“Want to learn? I asked.
And so, I explained what they mean, and then curtsied and said, “And I am a transgender woman.”
“Ooooooh,” she said, her voice modulating up and down as she prolonged her, “Oh.”
Throughout the evening I asked the same question to kids and adults and got a variety of answers. Several kids knew what the letters mean, while others didn’t. Some kids and parents said they knew lesbian people, gay people, trans people, and all of those kids and parents said it with complete every-day-ness, which, of course, it is.
One ten-year-old asked: “Is it normal to be transgender?”
After thanking him for the question I said: “Yes, it is. It’s normal to be gay, bi, lesbian, it’s normal to question—so, yes, it’s normal. Is it not as common to be transgender? Yes. But it’s normal,” and I handed him a flag.
One little boy entered the fair, holding his mother’s hand, and pulling her eagerly over to our table. He was probably seven. His mom told us, “He saw your table and was so happy. He says of himself, I’m not a boy, I’m not a girl—I’m me—Benjamin.” He proudly took a rainbow flag and explored our displays with eager eyes and a happy, validated heart.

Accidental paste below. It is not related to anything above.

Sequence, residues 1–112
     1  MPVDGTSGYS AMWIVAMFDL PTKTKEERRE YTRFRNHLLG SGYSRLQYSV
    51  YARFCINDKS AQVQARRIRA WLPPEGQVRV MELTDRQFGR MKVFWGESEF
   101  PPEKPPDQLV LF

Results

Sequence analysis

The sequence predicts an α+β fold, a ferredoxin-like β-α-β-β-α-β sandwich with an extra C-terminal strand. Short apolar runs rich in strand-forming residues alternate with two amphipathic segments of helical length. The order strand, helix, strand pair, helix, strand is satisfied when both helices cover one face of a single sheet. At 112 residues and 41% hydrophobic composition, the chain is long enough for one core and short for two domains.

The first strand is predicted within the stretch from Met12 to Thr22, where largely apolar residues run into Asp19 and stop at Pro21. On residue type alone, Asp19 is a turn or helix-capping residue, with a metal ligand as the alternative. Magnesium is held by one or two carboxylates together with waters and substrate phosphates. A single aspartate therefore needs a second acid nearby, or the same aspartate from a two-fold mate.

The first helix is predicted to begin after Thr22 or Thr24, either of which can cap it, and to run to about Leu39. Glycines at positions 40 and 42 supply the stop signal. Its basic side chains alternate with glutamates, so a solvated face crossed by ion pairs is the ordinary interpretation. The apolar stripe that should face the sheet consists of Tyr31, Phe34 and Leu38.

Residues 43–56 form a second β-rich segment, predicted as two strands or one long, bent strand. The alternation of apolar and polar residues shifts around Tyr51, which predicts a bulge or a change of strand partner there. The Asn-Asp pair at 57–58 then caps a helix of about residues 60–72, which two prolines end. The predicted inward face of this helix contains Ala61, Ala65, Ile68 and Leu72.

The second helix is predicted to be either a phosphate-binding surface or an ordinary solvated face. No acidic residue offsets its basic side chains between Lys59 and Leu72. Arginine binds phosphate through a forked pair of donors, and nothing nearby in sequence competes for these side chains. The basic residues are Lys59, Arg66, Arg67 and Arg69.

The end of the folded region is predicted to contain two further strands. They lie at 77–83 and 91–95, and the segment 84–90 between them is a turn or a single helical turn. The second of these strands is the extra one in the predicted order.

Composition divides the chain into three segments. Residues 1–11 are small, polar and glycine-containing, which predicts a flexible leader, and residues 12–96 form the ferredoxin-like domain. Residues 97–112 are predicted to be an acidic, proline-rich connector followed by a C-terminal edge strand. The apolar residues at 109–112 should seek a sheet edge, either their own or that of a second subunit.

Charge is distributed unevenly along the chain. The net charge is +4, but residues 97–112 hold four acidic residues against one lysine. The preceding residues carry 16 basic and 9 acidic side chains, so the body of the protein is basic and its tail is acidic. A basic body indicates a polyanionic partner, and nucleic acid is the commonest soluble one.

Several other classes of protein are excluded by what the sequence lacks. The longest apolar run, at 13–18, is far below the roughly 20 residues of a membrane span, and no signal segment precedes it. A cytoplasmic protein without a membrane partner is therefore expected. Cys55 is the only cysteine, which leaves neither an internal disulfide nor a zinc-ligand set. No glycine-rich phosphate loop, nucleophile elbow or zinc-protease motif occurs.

I could go on and on with wonderful moments like these. Being at a diversity fair at a local public school–Glenside Elementary School, in Glenside, PA., was a complete joy. It was an honor to be asked. Glenside is a fairly conservative town, and the diversity fair has always featured tables with different countries, religions, foods, and so on. Never in their history have they had an LGBTQ+ table. We were a first. And yes, it was a nervous first. The organizers weren’t sure how we would be received. They figured none of the parents would be mean, but they thought it was possible some families wouldn’t take kindly that we were there. We worried parents would shepherd their children away from our table, but it turned out to be the complete opposite. Parents and children flocked to our table. It didn’t hurt that we were giving away cupcakes, Skittles, stickers, rainbow flags, parent and child resources, and so on. And they came—dozens and dozens—probably well over a hundred people—maybe closer to two hundred. And every family that came was happy we were there. They asked respectful questions, had supportive things to say, and took advantage of our free resources. It couldn’t have been a bigger success. We planted many, many seeds that night—for both allies and queer kids, who may or may not know they’re queer yet, or do know they are, but keep it a secret, to other kids who proudly know they are. We demonstrated that queer people are people—fun, smart, generous, kind people. We celebrated the LGBTQ+ community, and its allies.